Barriers To Education In Syria

Life for Syrian children is all too often defined by suffering.

 From the loss of homes and loved ones, to the psychological impact of growing up in a conflict, a range of issues combine to make pain and uncertainty inescapable.

Without education, an entire generation faces being trapped in this cycle of suffering. Currently, around 2.8 million children are out of school completely, with opportunities for development thwarted as a result. 


The destruction of schools

Many Syrian children are unable to attend school for one simple reason: there is no longer a school to attend.

Due to the ongoing violence, around 40 percent of schools have been damaged, destroyed or repurposed, leaving around 2.1 million children out of education. As a result, there is a growing generation of Syrian children who have never attended school, and who will therefore become trapped in a vicious cycle of poverty and poor health.


Forced displacement

The conflict in Syria has triggered a displacement crisis on an unprecedented scale. According to UNHCR, there are 6.2 million people, including 2.5 million children, displaced within Syria, forming the largest internally displaced population in the world.

Displaced young people are forced to leave everything behind, including their educational opportunities. Prior to the outbreak of violence in Syria, an estimated 97 percent of children attended primary school and an estimated 67 percent attended secondary school. In contrast, UNHCR estimates that primary school participation in displacement camps is 69 percent and at secondary, just 30 percent.

These global figures mask differences between camps – in some, enrolment rates fall as low as zero. Although there are no accurate global figures for out-of-school displaced children, evidence suggests that displacement has a severely negative impact on access to education.


Child labour

With no school to provide a sanctuary, many children become trapped in a cycle of child labour. In Syria itself and in the surrounding countries, children are working in conditions that are severely damaging to their mental and physical health.

Child labour frequently arises from situations where families cannot afford to meet their basic needs. According to the UN, 90 percent of Syrian refugees live below the poverty line, and around 67 percent of families are in debt. Due to the desperate nature of this situation, many families feel that sending their children to work is the only option.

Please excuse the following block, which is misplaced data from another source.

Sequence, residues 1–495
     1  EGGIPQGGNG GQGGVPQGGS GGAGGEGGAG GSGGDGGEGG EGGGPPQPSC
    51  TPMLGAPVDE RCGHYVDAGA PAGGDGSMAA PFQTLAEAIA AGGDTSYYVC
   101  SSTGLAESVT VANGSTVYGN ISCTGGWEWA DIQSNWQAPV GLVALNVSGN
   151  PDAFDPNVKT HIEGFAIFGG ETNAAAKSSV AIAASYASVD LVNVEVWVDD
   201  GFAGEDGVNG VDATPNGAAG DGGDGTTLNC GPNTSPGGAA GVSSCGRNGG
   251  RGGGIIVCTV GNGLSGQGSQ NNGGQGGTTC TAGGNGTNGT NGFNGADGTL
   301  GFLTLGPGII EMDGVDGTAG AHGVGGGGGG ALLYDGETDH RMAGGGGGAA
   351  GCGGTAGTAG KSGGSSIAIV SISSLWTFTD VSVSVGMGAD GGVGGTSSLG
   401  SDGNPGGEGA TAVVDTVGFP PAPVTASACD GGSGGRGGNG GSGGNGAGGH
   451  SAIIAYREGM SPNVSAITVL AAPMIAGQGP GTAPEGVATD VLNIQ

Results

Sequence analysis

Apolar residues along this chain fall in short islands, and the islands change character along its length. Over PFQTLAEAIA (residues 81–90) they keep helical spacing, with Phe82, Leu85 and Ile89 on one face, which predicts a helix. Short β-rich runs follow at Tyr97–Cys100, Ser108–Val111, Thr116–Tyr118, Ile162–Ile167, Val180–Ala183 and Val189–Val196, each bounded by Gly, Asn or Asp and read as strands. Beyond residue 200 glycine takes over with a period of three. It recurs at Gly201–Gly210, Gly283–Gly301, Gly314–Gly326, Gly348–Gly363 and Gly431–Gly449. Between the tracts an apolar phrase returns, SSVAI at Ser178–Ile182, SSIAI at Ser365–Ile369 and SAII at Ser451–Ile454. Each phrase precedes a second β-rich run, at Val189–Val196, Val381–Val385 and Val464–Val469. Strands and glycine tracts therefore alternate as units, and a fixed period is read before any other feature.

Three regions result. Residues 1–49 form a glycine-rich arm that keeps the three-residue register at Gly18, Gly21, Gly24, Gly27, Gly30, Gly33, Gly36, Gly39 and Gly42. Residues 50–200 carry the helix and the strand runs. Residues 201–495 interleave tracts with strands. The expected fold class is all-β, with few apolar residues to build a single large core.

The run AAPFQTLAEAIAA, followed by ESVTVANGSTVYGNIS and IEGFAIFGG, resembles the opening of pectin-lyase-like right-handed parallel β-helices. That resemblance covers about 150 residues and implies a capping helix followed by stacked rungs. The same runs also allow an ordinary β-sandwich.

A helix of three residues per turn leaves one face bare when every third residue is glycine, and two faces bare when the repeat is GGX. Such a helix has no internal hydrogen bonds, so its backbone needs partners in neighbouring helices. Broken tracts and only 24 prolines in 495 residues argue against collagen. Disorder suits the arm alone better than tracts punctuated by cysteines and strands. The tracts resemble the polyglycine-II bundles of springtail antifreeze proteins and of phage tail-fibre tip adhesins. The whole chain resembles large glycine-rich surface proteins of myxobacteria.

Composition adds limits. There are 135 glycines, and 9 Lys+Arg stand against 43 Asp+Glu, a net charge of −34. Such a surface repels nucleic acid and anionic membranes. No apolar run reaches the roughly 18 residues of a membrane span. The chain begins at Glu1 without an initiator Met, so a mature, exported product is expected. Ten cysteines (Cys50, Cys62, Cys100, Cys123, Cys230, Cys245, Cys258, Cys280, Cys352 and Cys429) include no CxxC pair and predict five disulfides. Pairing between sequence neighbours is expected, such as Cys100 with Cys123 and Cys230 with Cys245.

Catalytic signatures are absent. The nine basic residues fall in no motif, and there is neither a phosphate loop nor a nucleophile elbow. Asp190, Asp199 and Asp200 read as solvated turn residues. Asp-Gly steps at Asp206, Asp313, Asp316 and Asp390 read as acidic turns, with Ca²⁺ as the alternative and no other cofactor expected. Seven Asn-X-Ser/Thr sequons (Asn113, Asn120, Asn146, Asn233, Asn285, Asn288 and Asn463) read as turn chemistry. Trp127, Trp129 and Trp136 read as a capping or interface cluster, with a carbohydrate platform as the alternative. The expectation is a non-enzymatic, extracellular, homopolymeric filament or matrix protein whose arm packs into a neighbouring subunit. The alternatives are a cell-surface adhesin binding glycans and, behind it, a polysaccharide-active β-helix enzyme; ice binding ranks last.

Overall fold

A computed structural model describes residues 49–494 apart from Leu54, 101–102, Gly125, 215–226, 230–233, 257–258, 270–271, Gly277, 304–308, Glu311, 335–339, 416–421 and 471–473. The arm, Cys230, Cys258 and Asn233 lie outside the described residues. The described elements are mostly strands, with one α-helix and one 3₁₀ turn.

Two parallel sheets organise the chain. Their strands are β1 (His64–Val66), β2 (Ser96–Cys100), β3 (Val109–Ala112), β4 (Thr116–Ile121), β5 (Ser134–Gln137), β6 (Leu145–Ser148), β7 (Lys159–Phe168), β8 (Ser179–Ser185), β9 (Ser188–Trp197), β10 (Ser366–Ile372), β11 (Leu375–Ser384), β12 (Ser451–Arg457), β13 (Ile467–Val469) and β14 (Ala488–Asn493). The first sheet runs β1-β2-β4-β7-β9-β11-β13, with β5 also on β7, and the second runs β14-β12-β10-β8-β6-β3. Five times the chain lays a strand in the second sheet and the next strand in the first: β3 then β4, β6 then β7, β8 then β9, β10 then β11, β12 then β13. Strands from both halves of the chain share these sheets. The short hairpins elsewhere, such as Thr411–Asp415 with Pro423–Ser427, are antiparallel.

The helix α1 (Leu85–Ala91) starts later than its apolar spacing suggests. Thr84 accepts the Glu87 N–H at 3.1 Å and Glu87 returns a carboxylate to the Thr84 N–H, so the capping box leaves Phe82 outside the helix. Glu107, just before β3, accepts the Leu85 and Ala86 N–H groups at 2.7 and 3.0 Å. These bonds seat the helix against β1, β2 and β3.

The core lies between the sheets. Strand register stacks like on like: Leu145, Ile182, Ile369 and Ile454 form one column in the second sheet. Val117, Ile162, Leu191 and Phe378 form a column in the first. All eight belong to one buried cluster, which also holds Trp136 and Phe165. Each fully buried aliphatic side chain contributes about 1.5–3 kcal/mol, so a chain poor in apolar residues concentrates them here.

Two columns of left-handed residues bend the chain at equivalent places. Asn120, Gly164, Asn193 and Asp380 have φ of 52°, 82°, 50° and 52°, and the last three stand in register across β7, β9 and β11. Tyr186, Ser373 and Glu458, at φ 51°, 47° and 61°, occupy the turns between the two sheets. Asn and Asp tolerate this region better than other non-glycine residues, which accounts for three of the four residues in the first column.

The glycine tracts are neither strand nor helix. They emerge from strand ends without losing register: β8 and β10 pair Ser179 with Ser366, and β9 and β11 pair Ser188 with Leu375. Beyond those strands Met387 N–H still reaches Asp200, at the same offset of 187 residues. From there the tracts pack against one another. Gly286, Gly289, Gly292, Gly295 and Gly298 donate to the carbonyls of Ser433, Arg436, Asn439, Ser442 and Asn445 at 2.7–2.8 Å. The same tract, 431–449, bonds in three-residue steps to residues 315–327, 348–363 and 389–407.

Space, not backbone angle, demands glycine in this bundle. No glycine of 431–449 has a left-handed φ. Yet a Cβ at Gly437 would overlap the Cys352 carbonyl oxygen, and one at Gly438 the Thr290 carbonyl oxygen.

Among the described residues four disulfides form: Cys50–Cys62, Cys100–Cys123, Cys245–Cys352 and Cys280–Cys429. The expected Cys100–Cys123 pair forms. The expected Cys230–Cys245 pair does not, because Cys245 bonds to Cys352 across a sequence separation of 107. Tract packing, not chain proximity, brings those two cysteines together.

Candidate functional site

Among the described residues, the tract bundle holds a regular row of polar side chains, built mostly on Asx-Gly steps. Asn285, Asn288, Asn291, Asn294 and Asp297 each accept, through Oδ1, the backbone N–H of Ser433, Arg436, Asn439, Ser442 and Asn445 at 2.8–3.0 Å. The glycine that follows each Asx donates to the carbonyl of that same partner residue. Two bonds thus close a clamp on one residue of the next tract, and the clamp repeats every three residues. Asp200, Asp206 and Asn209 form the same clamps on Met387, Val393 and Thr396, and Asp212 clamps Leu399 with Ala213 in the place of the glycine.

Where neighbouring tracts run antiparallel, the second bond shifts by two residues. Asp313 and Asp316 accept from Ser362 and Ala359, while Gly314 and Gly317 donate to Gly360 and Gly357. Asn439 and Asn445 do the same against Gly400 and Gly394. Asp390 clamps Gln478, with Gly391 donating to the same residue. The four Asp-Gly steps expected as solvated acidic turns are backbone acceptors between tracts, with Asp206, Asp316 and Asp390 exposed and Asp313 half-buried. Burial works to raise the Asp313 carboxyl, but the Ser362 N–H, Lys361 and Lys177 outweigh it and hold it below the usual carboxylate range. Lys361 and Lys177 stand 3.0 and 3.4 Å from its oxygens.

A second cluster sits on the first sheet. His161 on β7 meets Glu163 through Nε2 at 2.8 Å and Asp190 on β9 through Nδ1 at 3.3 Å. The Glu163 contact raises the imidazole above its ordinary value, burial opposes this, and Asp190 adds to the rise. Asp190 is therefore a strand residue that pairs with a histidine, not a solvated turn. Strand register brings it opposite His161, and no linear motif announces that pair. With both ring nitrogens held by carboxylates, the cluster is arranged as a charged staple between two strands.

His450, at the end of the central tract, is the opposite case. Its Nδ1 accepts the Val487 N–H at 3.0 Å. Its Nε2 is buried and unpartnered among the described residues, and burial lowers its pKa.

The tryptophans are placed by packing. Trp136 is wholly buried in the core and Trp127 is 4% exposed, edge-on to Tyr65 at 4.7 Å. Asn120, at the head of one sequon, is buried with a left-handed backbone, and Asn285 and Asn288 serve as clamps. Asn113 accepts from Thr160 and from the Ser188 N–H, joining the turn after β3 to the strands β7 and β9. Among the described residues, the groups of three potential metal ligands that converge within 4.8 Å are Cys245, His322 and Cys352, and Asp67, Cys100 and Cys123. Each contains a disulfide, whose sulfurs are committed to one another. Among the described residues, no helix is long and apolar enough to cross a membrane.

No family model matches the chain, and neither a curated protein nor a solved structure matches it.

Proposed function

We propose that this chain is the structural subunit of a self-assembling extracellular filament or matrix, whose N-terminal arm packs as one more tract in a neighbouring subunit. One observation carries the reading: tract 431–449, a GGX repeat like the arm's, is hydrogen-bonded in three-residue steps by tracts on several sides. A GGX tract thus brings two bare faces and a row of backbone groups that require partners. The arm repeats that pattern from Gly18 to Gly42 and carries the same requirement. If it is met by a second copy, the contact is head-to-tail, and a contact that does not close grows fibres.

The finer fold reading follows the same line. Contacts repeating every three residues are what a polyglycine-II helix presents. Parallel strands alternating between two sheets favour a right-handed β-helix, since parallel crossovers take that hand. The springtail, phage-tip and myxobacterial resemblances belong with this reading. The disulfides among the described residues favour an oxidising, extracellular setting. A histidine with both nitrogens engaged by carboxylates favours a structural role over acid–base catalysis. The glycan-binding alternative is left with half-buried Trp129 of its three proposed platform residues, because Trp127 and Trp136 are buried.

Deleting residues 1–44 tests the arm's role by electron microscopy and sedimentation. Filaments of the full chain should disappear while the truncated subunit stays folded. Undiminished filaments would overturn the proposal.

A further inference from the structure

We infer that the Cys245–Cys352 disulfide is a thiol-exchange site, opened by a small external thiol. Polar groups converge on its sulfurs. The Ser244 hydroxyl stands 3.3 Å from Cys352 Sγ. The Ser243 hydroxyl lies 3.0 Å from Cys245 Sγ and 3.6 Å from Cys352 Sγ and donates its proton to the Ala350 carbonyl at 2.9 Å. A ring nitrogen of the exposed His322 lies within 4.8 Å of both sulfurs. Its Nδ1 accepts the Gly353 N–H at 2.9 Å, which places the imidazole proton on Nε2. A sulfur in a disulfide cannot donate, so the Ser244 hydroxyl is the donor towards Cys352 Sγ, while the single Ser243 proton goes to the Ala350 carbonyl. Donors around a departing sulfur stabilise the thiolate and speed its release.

Child labour is known to have a notably harmful impact on educational outcomes. As well as lowering net primary enrolment rates, there is a strong negative effect of child labour on school attendance. Taking this into account, it is both a cause and effect of being out of education.


Language barriers 

While Syrian refugee children can attend school in neighbouring countries such as Lebanon, ensuring that effective learning can take place uninhibited is by no means an easy process. Language barriers are a major cause of this - a 2013 assessment by UNHCR found that 80 percent of Syrian refugee children in Lebanon are not attending school, with language barriers cited as a key reason.

Although refugee children in Lebanon are entitled to an education, English and French are the official languages of instruction. This makes learning hugely difficult - Arabic is the primary language spoken by Syrian refugees and learning a second language while adapting to a new environment is incredibly complex for several reasons.

These difficulties have a major impact on attainment - a 2012 assessment by UNICEF and Save The Children showed that many children are placed in lower grades than the ones they attended in Syria purely due to the language barrier.

Syrian children are being denied the chance to progress through no fault of their own. To prevent an entire generation from losing access to education, it is essential that positive change occurs. Syria Relief is committed to delivering this change. Currently the largest non-governmental provider of education in the country, we run 306 schools across Northern Syria as well as mobile learning centres that travel to the hardest to reach areas.